• To engage with as many residents as possible in Overton, to find out what they think about community energy in the village. 




We set up a stall on the Community Centre Forecourt in the centre of the village on a couple of bust Saturday mornings in August 2020. We had an information display, handouts, and questionnaires and members of the Sustainable Overton Energy Team were on hand to talk to people. This was a really good way of engaging with the community.

People seemed really interested in the concept of community energy; it was clearly a new area for nearly everyone. We also managed to recruit some more group members for our energy team and so we feel confident that this project will be well received and well supported by the village.

  • We produced a Survey Monkey questionnaire about community energy, which we posted on our website, Facebook, Instagram, and Twitter pages, and handed out paper copies in the village to those without access to the internet, and received over 100 responses. 

  • The questionnaire asked some general questions about people’s understanding of community energy, whether they would be interested in investing in a project, how efficient their home energy consumption was etc. 

  • You can find our Survey Monkey Energy Questionnaire here.

  • We also published the link in our monthly newsletter (Overton News and Views -see here) and provided 60 paper copies to give out for those without internet access




At this stage we did not know exactly what our project might look like. We believed it would be solar PV on community buildings, maybe a small solar farm or heat pumps. We were also keen to explore all options too, to enable us to plan the most effective options for the village.

As well as the backing of the community, Basingstoke and Deane Borough Council, our two Borough Councillors in Overton, Hampshire Country Council and Community Energy South were all interested in the project and were prepared to support us.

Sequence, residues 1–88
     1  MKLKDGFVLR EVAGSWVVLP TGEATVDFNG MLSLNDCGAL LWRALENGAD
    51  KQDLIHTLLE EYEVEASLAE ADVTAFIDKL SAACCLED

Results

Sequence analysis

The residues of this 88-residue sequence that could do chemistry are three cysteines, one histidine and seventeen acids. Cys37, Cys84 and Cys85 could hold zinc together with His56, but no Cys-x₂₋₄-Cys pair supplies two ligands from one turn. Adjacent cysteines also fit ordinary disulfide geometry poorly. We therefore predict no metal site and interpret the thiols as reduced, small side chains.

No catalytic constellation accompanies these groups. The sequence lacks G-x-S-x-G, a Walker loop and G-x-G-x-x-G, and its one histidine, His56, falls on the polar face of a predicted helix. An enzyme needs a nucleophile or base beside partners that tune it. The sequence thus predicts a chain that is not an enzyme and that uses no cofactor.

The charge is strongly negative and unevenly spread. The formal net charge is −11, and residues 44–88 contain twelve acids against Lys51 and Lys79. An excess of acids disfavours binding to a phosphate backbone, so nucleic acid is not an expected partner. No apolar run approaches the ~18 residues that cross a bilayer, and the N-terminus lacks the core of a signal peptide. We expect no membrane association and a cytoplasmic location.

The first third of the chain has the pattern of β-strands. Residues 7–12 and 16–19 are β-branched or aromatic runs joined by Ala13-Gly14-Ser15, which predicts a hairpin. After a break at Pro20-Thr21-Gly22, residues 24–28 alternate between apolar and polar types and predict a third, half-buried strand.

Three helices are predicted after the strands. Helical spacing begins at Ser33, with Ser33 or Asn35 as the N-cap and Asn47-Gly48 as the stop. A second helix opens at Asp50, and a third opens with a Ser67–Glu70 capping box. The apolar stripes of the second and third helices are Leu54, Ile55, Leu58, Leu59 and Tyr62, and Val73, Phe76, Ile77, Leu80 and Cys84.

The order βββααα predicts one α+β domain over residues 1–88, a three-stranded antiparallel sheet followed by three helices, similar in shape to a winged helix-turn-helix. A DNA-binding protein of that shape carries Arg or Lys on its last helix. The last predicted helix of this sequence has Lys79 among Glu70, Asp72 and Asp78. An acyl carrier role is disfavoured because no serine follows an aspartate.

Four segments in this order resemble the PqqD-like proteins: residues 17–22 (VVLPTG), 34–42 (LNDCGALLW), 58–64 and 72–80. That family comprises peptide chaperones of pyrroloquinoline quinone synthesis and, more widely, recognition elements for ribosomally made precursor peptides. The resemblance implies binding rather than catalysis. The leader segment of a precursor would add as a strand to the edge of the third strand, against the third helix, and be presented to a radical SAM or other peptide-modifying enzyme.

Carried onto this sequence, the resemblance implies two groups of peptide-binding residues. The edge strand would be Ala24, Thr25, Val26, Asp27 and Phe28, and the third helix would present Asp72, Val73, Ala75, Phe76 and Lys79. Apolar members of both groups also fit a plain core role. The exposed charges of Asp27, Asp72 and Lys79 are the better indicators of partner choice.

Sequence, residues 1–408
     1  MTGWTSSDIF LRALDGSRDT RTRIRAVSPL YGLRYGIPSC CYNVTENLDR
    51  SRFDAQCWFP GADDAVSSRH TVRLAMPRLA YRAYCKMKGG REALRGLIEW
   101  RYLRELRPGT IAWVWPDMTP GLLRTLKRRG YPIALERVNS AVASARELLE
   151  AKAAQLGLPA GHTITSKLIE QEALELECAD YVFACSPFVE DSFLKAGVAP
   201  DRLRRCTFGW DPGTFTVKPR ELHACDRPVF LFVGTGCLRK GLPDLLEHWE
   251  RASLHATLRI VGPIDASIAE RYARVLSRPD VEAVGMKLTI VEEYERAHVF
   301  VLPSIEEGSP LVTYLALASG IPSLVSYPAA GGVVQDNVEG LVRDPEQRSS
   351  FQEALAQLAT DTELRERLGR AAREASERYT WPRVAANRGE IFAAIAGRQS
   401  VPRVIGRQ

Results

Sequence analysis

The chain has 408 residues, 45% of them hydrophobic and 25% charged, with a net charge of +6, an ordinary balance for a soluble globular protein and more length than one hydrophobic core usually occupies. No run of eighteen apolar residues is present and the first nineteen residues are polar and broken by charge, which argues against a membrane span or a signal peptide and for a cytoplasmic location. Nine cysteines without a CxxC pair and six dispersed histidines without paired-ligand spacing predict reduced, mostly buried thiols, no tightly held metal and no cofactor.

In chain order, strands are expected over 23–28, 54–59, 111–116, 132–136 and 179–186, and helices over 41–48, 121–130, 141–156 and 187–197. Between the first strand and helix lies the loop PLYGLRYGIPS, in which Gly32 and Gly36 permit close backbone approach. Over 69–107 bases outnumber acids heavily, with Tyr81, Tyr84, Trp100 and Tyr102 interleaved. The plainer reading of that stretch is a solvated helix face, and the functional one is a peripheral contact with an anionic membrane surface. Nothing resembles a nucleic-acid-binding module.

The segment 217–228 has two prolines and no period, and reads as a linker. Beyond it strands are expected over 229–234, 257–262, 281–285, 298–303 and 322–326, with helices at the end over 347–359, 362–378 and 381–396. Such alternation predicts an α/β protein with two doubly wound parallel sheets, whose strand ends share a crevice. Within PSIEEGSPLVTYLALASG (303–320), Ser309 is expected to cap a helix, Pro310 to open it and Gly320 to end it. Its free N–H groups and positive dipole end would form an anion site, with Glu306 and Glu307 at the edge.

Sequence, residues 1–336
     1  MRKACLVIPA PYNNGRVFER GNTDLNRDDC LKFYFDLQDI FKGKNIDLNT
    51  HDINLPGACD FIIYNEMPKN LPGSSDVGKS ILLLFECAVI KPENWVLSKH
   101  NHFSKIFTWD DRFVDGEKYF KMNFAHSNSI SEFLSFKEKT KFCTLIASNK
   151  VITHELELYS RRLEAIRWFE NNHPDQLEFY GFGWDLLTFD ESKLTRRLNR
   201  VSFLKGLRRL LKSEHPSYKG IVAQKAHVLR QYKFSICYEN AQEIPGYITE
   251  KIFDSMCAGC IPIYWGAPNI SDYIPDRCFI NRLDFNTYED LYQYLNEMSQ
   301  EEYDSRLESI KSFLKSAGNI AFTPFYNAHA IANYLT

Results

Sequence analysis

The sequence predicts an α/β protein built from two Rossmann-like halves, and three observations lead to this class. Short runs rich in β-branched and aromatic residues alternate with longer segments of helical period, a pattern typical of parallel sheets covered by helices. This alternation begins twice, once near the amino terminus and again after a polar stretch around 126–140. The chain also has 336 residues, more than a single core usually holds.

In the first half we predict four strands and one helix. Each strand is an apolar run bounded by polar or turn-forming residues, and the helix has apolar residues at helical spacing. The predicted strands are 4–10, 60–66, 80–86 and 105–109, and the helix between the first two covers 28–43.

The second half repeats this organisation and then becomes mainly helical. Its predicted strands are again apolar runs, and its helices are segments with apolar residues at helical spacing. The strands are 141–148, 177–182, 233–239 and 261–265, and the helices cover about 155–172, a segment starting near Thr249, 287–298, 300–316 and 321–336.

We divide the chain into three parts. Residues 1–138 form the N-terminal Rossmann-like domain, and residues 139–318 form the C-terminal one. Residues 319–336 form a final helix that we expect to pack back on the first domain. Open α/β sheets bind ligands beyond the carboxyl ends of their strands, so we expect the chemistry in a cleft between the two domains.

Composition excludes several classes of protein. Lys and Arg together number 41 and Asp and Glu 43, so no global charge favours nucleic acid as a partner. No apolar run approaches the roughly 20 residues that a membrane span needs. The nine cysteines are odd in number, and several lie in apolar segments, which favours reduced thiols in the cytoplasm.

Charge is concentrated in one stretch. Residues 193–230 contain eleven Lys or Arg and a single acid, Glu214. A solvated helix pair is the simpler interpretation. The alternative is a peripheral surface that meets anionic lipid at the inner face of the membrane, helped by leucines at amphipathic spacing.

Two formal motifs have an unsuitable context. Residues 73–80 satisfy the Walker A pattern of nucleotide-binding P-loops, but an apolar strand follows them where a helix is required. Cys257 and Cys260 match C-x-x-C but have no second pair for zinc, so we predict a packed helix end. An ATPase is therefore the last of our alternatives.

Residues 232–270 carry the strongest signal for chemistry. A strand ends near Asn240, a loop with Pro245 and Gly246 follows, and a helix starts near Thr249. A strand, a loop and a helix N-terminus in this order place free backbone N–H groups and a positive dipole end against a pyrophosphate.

• We found that many people really intended to do this, but then forgot about it when they got home. 

  • Ask for people’s mobile numbers or email address, and then email or text them the link. It’s much easier to click on a link than having to type it in. 

  • Provide some chairs and encourage people to complete a paper copy there and then. 

  • If people take away a paper copy, let them know where to return it. 

  • Re-send the questionnaire link out a few times on your social media or email lists to pick up more responses. Most people mean to do it but forget. Use your teams to help. 



  • Most people have no idea what community energy is. 

  • Some people have a bit of knowledge and can be sceptical about the payback, and the technology. Be prepared to explain the post-FiT model and that community energy really does work. 

  • Provide simple, positive information. Also, if there are some simple diagrams or picture (great for children who are interested), this can prompt a really useful discussion. 

  • Ensure that your team know enough about community energy to be able to answer questions so that you have credibility. 

  • Remember that respondents are all potential fund-raisers or investors, so teaching them about how this works is crucial. 

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